Trifles and Treats
A Glaspell Gala
Sunday August 20, 2 PM
Program will Include:
Trifles, by Susan Glaspell
Intermission, including Musical Interlude
Flourless Chocolate Cake
Brief Presentation by Prison Museum Docent
Sometimes I Sing, by Milbre Burch
The one-act Trifles (August 20 fundraiser) was loosely based on the 1900 murder of a successful Wright county farmer, John Hossack. Margaret Hossack, his wife, was the main suspect, arrested and tried for the murder. Susan Glaspell was a reporter for the Des Moines Daily News and covered the story from the discovery of the body in December of 1900 through the end of the trial, April 11,1901.
In 1916, Glaspell wrote the one act Trifles, which is loosely based upon her recollection of the Hossack case. Trifles is NOT a retelling of the Hossack murder. There exists, however, a strong spirit of the accused, Margaret Hossack, which will not completely absent itself from the play, nor subsequent writings, including several books about the murder.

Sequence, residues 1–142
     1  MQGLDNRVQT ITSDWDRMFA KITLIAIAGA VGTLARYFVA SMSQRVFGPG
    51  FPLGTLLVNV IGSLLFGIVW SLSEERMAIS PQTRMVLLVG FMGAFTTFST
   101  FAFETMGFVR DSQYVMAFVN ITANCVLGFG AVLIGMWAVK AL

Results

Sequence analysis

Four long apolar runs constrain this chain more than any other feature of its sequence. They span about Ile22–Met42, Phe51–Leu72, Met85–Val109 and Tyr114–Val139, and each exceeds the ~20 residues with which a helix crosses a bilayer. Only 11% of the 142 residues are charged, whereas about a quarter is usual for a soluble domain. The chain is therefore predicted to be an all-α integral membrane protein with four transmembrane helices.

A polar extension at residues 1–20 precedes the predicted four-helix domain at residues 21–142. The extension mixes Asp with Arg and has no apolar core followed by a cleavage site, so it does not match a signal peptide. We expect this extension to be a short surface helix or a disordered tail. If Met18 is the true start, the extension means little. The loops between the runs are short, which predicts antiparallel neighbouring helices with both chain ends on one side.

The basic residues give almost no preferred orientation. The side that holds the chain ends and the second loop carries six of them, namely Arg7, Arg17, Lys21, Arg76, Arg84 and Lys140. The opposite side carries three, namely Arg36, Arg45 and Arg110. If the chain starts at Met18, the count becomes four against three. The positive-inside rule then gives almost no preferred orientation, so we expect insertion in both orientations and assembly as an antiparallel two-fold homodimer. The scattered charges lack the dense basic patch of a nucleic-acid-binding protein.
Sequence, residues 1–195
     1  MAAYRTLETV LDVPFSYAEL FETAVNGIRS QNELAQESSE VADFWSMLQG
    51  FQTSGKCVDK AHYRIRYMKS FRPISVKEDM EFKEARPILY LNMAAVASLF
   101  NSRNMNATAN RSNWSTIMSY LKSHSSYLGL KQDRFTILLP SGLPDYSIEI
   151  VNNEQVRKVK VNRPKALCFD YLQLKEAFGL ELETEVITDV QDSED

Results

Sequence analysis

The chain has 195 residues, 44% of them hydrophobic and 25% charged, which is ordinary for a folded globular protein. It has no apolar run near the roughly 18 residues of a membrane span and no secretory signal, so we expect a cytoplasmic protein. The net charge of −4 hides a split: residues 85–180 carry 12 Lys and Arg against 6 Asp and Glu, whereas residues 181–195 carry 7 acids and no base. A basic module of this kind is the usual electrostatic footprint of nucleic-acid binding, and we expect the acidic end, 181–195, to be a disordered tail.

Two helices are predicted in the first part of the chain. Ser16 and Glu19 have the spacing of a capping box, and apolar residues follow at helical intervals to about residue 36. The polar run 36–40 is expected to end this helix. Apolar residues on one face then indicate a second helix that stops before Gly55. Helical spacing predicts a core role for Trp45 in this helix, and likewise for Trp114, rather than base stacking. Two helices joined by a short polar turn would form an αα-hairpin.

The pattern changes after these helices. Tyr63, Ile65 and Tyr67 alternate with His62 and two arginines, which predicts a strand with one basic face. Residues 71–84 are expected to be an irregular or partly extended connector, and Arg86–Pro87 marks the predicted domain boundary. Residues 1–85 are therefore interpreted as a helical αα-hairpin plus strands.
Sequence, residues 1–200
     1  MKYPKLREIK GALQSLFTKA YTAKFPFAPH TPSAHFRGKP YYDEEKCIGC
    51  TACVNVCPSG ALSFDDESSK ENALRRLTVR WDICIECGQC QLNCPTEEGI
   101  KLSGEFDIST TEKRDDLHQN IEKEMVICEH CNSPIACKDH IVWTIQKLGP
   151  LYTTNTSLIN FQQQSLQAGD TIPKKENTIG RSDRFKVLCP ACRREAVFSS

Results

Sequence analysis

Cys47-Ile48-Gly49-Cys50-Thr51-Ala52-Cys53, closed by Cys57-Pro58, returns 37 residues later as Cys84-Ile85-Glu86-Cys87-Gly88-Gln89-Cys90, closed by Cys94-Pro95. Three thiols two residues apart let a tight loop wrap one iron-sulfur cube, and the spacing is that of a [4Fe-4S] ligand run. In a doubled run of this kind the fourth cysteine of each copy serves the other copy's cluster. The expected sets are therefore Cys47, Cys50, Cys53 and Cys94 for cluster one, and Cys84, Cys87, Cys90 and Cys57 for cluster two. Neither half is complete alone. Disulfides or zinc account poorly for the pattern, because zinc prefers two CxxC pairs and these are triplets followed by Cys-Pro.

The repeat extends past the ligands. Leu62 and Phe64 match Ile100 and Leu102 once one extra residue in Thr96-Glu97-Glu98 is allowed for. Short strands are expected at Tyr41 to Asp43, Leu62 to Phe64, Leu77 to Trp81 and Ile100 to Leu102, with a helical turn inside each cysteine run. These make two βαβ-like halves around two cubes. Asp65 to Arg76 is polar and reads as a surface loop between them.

Glaspell's accused farmwife in Trifles is called Minnie Wright. Minnie is the only character in Milbre Burch's one-act Sometimes I Sing (also playing on August 20); it is set in the Anamosa State Reformatory while Mrs. Wright is held there for her husband's murder.
Below is a guideline to the real and the fiction of the Hossack murder case of 1900.
John Hossack dies of head wounds received while sleeping in his bed.
At the end of John Hossack's funeral, his wife, Margaret,is arrested.
Glaspell's protagonist is named Minnie Wright. Unseen, she sits in the local jail as the Sheriff and County Attorney search everything at the farmhouse looking for a motive to convict her.
Margaret Hossack is tried in a sensational trial in Indianola, Iowa, and found
guilty. Susan Glaspell covers the events for the Daily News.
Margaret is sent to the Anamosa State Prison Women's Department
Sometimes I Sing covers one day in the life of Minnie Wright as she speaks to a reporter in the Anamosa State Prison Women's Department visitor room in 1901.
Margaret Hossack is given a retrial which results in a hung jury and the state of
Iowa decides not to retry Margaret. She lives out her life as a free woman.
Susan Glaspell writes Trifles, about a farmer John Wright murdered in his bed.
Trifles covers only the initial investigation by the county attorney and Minnie Wright is never seen on stage.
Milbre Burch presents a one woman show, Sometimes I Sing, set in 1901.